When Sen. Jon Tester set an historic precedent by leading the way to the delisting of Northern Rockies wolves from the Endangered Species Act, the political rhetoric was that once the states were back in control of the situation, things would be just fine. Well, that was then, before the wholesale wolf slaughter commenced in Montana and Idaho. Things haven't settled down, they've flamed upand it's no longer only wolves in the crosshairs, but wolf advocates and managers, too.
Two weeks ago, the Ninth U.S. Circuit Court of Appeals refused to overturn Montana Federal District Judge Donald Molloy's ruling that Tester's wolf rider was constitutional. Those who follow wolf policy figured the game was pretty much over. The court's decision was unanimous and, despite Molloy's scathing criticism of using riders for such major policy changes, there was little doubt that the states were back in charge of what they loosely refer to as wolf management.
But then Earth Island Journal published an article about the gruesome death of a wolf in Idaho. Titled "Wolf Torture and Execution Continues in the Northern Rockies," the March 28 story, by James William Gibson, contained graphic pictures of a wolf that was caught in a leg trap, surrounded by bloody snow, and that was then shot several times and finally killed. The tale was posted on the trapperman.com website by someone calling himself "Pinching" who wrote, "Male that went right at 100 pounds. No rub spots on the hide, and he will make me a good wall hanger."
The story quickly spread on the internet. Footloose Montana, a Missoula-based anti-trapping organization, posted the pictures on its website. A thousand comments poured in within days. But it was an email to Footloose that sent the wolf issue into a new range of threat: "I would like to donate [sic] a gun to your childs [sic] head to make sure you can watch it die slowly so I can have my picture taken with it's [sic] bleeding dying screaming for mercy body. YOU WILL BE THE TARGET NEXT BITCHES!"
Footloose turned the email over to the FBI as well as Missoula law enforcement and the death threat is now being investigated. But in the meantime, some with political ambitions wasted no time in cranking up the issue.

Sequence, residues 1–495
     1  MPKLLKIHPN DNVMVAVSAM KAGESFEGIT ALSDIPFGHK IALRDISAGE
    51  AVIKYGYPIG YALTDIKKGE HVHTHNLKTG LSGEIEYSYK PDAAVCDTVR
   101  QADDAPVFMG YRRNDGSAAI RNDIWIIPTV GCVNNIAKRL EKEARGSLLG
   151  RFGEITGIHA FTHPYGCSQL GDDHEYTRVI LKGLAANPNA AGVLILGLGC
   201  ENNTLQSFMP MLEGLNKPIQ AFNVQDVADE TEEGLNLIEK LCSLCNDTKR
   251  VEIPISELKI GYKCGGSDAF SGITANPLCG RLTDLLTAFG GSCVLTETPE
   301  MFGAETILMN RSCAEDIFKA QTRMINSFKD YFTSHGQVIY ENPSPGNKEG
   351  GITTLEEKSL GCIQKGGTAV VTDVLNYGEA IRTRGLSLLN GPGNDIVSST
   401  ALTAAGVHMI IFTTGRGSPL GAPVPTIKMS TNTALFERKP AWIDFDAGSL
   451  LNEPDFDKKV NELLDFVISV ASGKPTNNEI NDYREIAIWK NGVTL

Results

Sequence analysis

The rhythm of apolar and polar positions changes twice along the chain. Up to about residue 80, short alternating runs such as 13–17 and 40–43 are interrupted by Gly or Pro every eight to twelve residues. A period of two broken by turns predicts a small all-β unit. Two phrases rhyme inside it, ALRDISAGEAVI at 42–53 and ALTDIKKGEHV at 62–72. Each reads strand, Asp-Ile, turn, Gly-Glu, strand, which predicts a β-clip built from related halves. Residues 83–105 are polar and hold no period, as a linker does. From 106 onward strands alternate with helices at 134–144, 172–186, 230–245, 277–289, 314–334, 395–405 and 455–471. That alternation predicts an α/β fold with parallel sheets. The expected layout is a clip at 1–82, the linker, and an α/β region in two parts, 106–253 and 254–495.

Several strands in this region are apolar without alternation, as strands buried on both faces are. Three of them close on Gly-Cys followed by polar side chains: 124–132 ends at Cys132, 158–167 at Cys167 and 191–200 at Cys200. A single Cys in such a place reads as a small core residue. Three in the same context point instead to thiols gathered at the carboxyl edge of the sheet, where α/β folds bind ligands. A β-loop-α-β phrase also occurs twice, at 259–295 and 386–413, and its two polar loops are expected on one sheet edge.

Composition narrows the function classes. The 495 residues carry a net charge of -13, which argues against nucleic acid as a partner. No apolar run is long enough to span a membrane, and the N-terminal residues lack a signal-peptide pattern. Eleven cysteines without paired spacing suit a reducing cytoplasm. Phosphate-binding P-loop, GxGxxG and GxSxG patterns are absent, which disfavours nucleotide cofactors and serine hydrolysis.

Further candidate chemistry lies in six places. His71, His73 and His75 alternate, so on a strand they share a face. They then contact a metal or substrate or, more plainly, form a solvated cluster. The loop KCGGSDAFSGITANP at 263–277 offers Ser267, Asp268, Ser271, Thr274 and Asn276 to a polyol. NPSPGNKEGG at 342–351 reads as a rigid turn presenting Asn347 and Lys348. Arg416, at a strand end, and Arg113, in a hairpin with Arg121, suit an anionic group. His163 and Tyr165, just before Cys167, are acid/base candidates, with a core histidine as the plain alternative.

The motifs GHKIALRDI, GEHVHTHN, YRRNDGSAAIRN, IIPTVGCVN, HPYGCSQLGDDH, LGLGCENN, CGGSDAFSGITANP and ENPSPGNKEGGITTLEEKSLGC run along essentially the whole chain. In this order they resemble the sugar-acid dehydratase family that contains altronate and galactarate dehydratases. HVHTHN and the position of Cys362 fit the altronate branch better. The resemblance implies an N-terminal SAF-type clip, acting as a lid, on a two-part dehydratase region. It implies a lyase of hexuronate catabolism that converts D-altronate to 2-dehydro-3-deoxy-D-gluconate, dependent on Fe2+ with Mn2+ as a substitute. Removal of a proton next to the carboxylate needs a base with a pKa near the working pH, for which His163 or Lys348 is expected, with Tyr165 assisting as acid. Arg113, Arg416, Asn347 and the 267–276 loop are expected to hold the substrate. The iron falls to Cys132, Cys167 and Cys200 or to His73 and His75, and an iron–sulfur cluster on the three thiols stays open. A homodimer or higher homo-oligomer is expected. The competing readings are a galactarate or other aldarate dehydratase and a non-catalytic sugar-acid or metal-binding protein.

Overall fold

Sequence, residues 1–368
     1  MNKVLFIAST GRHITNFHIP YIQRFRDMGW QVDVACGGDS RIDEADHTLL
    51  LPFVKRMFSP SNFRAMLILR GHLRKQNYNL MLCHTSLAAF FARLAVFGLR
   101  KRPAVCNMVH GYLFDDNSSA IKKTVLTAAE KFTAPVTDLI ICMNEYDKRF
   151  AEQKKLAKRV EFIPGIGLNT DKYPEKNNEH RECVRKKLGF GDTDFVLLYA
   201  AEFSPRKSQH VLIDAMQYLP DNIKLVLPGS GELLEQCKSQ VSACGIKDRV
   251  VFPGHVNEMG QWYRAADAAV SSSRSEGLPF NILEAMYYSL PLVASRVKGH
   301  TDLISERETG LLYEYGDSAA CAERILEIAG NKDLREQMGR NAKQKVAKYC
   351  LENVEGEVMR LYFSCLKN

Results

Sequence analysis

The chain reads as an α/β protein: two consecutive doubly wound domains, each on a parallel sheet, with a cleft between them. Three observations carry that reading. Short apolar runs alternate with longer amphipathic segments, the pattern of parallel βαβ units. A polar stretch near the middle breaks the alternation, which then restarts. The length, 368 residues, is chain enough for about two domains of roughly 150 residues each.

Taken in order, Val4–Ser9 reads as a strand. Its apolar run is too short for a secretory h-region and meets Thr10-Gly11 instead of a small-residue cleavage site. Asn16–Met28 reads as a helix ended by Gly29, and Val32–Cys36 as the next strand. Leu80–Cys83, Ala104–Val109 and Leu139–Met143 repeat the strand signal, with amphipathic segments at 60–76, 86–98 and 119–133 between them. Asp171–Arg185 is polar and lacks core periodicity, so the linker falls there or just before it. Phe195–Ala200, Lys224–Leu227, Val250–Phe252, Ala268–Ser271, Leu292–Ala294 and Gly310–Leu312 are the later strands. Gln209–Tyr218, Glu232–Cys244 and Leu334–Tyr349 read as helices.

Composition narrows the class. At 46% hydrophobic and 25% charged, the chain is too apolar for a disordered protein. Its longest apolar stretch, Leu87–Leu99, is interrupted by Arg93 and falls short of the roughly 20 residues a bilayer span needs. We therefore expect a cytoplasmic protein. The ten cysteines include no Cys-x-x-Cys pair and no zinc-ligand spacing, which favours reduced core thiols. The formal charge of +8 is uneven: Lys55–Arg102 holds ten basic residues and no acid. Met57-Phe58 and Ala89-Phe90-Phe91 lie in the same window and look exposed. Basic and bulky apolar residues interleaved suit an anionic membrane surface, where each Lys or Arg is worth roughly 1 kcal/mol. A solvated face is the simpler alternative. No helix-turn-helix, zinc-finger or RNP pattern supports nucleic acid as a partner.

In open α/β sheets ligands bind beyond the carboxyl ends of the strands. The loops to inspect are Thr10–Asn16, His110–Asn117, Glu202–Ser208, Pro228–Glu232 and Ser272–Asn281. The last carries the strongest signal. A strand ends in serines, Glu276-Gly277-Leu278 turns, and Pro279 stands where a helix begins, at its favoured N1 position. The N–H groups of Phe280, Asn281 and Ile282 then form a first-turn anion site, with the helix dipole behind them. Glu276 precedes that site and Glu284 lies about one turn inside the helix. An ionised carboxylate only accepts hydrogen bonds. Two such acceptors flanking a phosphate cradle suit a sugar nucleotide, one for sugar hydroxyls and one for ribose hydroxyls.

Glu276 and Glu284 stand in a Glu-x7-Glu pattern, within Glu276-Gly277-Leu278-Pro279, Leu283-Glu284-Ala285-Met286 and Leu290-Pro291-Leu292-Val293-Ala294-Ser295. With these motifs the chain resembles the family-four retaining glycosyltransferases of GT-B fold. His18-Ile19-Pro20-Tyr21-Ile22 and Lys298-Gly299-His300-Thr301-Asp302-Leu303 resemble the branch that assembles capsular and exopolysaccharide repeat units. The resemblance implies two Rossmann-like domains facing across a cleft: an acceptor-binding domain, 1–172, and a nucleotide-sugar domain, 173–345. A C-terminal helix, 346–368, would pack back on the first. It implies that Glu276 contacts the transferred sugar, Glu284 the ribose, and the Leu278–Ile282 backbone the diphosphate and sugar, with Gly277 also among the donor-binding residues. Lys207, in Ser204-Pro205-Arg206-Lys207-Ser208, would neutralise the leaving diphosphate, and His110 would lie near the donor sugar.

Republican gubernatorial candidate Rick Hill held a press conference the day after the story came out, at the offices of the Montana Stockgrowers Association, in Helena. Surrounded by ranchers and Republican legislators, Hill took dead aim not only at wolves, but also at the Montana Department of Fish, Wildlife and Parks, saying, "One of the things I've heard everywhere I go is that [the] relationship today between Fish, Wildlife and Parks and landowners and sportsmen is at an all-time low."
If he wins his bid to become governor, Hill said, he'll bring "a change of attitude and leadership" to the agency. He laid out what he believes are steps necessary to control the wolf population, which he says is "above the tipping point." Hill also said, "We're seeing the collapse of some of our elk herds already and there is great concern among sportsmen that if we cross this tipping point, we're not going to be able to recover."
Hill proposed a number of actions that Fish, Wildlife and Parks should take immediately, including continuing the wolf hunting season until the statewide quota is met, allowing hunters to shoot more than one wolf and to use calls and other "creative hunting methods," allowing trapping of wolves, reducing the price of non-resident wolf tags, using government-sponsored lethal removal to reduce wolf numbers and working with counties to implement bounties for killing wolves.
Hill goes even further on his campaign website, declaring that all of central and eastern Montana should be designated "Wolf No Tolerance Zones" where "NO WOLVES will be allowed east of [a] No Tolerance line; they won't be a huntable species, they will be a predator. Any person with a gun can legally shoot them, at any time of the day, on any day of the year."
Hill has never been a leader on wildlife issues, so it's unusual to see him stepping forward with such a vindictive stance toward wolves now. He apparently hasn't been keeping up with Fish, Wildlife and Parks' elk studies, which indicate mountain lions and bears kill more elk than wolves. Nor does he seem aware that Montana's statewide elk numbers are higher now than when wolves were re-introduced. Hill also seems to be vastly exaggerating the livestock industry's losses to wolves, which accounted for a mere 100 of the 140,000 animals lost to all causes. And he completely ignores the science of wolf sociology, which shows that non-selective hunting removes older members of wolf packs, leaving younger wolves with less skill and knowledge to forage on their own, often resulting in more, not less, domestic stock depredation.
There's an old saying in politics that Democrats shouldn't try to out-Republican Republicans. Yet, in congressionally delisting wolves, that's just what Tester tried to do. Now, the seed he planted has grown some very ugly and violent fruit, with political candidates targeting wolves and the state agency that manages them, as death threats are emailed to wolf advocates and as science and tolerance fall victim to election-year rhetoric as candidates turn Montanans against one another.
Helena's George Ochenski rattles the cage of the political establishment as a political analyst for the Independent. Contact Ochenski at email@example.com.